The cult of the conference bagBMJ 2008; 337 doi: https://doi.org/10.1136/bmj.a2677 (Published 16 December 2008) Cite this as: BMJ 2008;337:a2677
- Frank D Burke, professor
- 1Pulvertaft Hand Unit, Derbyshire Royal Infirmary, Derby DE1 2QY
The small things in life are important, and as a seasoned conference attendee my first rush of excitement is at the registration desk. After I have felt that frisson of panic (did I remember to register?) the registrar acknowledges my efficient planning and reaches under the desk for the conference bag.
Many of us have spent hours planning the scientific content of congresses, but the choice of bag is often seen as of marginal importance. This could not be further from the truth; carefully chosen, the bag may become a cherished possession—an everlasting monument to the congress, living witness to the International Congress of Palmistry (Zagreb, 2001), displayed by the proud owners at work and on planes and trains. However, immortality of this nature is illusive—course members are discriminating, and “cult bag” status must be earned.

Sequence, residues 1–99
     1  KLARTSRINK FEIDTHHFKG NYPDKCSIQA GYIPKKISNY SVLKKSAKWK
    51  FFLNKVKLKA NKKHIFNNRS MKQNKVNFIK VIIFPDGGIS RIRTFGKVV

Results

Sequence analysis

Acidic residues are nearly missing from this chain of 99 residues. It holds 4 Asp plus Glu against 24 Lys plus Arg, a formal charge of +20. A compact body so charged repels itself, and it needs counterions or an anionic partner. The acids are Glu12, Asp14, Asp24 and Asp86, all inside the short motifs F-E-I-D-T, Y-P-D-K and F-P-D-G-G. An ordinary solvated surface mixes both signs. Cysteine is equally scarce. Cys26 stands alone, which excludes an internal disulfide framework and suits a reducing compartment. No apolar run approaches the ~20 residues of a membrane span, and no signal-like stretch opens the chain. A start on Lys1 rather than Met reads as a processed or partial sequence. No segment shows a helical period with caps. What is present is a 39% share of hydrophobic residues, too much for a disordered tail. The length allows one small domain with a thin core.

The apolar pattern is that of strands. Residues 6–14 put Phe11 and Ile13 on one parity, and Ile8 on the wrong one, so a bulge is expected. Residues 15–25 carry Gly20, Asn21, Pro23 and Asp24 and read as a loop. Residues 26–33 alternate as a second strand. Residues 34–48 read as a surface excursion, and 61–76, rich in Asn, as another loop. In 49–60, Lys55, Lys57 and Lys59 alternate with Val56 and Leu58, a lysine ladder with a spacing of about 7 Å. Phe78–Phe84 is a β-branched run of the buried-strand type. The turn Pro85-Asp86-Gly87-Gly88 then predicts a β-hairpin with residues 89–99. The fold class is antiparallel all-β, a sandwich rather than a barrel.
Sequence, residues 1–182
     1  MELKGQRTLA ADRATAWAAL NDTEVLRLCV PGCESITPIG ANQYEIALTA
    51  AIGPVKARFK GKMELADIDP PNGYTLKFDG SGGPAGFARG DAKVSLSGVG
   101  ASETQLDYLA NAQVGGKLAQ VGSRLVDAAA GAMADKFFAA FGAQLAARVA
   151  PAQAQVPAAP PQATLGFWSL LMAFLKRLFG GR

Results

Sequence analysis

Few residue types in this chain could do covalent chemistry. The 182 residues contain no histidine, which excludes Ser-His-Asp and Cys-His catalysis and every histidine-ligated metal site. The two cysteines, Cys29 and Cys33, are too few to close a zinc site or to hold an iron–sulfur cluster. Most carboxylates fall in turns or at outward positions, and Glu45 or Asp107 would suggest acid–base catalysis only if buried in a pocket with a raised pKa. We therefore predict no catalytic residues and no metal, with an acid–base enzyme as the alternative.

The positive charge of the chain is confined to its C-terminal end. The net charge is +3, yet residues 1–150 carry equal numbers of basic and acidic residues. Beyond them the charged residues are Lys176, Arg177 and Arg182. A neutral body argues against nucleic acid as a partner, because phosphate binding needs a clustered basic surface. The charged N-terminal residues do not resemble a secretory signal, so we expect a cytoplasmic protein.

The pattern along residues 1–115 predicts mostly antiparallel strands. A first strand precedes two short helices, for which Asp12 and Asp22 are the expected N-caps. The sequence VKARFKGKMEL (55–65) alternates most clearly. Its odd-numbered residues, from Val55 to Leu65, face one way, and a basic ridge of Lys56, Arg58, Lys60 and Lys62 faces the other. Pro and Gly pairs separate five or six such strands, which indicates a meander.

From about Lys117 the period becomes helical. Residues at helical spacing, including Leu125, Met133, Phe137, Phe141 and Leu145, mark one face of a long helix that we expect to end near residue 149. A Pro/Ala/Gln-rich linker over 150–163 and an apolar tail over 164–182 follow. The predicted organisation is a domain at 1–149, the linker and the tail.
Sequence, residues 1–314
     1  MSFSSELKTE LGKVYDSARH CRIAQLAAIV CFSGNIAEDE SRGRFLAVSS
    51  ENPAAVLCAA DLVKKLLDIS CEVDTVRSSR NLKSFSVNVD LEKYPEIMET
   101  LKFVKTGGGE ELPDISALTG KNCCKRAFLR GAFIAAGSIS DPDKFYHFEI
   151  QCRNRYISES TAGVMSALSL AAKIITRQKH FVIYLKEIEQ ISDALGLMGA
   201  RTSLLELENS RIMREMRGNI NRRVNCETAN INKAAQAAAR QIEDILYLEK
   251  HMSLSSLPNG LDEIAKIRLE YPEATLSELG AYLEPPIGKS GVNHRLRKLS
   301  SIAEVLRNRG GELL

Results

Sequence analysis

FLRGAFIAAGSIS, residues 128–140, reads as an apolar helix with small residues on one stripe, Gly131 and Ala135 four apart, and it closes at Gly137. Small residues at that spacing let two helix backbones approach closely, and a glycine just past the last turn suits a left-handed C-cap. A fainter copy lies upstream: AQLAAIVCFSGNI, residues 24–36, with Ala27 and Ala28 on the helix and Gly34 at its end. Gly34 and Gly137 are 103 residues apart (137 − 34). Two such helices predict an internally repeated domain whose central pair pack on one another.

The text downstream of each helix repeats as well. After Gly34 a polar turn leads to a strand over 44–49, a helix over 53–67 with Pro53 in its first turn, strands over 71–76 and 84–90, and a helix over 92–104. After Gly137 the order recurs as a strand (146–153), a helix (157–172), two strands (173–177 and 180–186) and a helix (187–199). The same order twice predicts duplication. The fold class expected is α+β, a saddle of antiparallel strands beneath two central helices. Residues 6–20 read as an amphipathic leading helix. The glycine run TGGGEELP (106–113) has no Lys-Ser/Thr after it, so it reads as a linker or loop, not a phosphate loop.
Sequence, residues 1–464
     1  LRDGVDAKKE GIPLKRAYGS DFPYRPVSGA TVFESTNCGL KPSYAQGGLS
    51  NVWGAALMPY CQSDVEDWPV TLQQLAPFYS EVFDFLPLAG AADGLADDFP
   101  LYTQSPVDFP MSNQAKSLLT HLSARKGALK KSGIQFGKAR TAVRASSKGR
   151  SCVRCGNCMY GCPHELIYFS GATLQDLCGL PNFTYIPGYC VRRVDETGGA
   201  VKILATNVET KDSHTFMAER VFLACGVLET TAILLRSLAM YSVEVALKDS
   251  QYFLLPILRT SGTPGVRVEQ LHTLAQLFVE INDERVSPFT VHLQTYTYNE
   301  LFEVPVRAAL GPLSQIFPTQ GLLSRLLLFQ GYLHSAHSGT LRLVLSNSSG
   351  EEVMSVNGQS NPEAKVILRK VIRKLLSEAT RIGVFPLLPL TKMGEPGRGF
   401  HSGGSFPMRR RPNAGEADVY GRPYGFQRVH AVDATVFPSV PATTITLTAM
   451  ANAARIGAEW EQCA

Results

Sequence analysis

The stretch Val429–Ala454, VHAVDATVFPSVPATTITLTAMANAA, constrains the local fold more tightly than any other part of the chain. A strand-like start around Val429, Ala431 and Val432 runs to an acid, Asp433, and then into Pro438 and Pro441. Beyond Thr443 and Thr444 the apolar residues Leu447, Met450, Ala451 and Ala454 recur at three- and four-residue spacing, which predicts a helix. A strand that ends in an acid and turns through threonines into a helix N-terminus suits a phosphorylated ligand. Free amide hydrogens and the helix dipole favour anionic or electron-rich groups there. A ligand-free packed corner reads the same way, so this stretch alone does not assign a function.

(1) Course organisers must be discreet in terms of logo, and letters may be better than words for some of the perineal specialties. Font size should be small, although an exception …
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